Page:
The Fed Has Not Learnt From The Crisis

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The Finan­cial Cri­sis of 2007 was the near­est thing to a “Near Death Expe­ri­ence” that the Fed­er­al Reserve could have had. One ordi­nar­i­ly expects some­one who has such an experience—exuberance behind the wheel that caus­es an almost fatal crash, a binge drink­ing escapade that ends up in the inten­sive care ward—to learn from it, and change their behav­iour in some pro­found way that makes a repeat event impos­si­ble.

Not so the Fed­er­al Reserve. Though the event itself gets some men­tion in Yellen’s speech yes­ter­day (“Nor­mal­iz­ing Mon­e­tary Pol­i­cy: Prospects and Per­spec­tives”, San Fran­cis­co March 27, 2015), the analy­sis in that speech shows that the Fed has learnt noth­ing of sub­stance from the cri­sis. If any­thing, the think­ing has gone back­wards. The Fed is the speed dri­ver who will floor the accel­er­a­tor before the next bend, just as he did before the crash; it is the binge drinker who will emp­ty the bot­tle of whiskey at next year’s New Year’s Eve, just as she did before she woke up in inten­sive care on New Year’s Day.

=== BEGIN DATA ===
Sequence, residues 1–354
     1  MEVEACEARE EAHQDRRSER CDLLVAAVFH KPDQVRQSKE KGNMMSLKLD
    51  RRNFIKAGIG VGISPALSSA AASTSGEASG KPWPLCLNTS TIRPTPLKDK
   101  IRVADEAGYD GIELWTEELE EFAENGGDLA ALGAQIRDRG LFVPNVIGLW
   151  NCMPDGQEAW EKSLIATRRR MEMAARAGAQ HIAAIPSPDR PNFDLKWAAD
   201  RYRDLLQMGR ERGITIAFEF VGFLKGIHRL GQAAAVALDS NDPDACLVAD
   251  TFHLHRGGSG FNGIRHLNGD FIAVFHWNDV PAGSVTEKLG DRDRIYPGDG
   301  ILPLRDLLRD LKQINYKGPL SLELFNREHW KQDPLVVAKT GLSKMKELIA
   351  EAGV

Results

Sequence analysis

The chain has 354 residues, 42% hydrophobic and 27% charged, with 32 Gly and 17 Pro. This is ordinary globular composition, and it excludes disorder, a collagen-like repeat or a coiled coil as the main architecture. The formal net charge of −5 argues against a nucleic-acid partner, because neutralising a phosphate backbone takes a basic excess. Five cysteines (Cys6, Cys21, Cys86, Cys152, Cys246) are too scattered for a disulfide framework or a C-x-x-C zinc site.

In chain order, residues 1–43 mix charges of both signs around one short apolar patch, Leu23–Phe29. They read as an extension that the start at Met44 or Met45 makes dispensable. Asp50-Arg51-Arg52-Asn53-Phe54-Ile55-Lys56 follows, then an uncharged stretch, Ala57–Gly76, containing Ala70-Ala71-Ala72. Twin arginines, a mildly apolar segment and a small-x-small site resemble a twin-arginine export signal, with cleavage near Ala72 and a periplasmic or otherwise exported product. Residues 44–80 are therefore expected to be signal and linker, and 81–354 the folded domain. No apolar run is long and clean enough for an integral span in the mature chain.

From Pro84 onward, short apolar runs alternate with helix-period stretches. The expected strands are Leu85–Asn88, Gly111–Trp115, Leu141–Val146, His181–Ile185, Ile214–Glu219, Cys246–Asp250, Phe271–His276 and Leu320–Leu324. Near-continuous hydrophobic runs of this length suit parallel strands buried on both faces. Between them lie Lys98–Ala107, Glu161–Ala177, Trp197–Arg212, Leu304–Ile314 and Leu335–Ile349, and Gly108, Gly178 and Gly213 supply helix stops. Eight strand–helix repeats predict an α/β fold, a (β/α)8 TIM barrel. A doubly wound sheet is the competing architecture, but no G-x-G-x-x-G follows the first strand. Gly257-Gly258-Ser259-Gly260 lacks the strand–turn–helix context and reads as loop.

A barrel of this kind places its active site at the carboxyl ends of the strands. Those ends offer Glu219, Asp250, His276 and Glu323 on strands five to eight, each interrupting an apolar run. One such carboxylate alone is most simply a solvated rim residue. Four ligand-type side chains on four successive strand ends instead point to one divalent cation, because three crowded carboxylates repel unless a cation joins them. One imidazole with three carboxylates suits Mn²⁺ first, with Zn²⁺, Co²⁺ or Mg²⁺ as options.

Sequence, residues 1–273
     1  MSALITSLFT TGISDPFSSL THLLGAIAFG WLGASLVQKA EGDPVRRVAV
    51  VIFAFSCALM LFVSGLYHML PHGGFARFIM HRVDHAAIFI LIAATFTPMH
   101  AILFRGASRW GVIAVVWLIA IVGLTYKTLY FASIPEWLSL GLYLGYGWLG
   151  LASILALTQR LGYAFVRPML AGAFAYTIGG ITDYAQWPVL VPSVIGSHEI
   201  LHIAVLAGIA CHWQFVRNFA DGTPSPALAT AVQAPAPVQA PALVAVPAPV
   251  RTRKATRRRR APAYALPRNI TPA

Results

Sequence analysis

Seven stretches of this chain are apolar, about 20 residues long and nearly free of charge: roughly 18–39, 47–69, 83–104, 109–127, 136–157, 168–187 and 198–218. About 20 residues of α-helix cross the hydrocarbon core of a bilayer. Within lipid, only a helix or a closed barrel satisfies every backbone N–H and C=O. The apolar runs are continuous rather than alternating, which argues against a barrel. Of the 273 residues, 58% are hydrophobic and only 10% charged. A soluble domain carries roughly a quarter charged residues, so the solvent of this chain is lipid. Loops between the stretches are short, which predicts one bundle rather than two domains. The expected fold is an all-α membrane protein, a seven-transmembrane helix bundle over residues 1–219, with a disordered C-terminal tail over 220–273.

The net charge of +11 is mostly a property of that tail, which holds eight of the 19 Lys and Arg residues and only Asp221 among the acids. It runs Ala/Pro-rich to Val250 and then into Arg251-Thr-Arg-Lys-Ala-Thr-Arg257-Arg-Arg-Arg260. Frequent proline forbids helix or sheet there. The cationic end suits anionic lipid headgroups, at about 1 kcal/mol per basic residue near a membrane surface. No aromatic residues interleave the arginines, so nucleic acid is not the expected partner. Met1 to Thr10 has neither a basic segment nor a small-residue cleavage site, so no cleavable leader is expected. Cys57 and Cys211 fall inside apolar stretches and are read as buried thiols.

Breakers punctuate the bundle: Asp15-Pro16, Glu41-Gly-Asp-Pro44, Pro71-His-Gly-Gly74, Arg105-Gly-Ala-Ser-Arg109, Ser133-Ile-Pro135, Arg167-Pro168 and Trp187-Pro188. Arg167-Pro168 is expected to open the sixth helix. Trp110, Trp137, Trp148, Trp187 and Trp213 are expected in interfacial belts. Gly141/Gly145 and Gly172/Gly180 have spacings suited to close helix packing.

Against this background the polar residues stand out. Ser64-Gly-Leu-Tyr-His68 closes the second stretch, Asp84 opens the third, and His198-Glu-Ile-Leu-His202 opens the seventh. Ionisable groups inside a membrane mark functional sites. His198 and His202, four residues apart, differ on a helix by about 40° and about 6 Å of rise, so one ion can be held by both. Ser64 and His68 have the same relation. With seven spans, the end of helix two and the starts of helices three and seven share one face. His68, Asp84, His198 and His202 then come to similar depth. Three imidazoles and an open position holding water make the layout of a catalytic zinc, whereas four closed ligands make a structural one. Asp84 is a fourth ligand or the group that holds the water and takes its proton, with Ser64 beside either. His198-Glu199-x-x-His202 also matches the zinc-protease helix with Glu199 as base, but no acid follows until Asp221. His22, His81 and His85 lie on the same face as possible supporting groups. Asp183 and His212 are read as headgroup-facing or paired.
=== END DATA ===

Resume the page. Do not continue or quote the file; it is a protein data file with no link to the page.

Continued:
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About Steve Keen

I am Professor of Economics and Head of Economics, History and Politics at Kingston University London, and a long time critic of conventional economic thought. As well as attacking mainstream thought in Debunking Economics, I am also developing an alternative dynamic approach to economic modelling. The key issue I am tackling here is the prospect for a debt-deflation on the back of the enormous private debts accumulated globally, and our very low rate of inflation.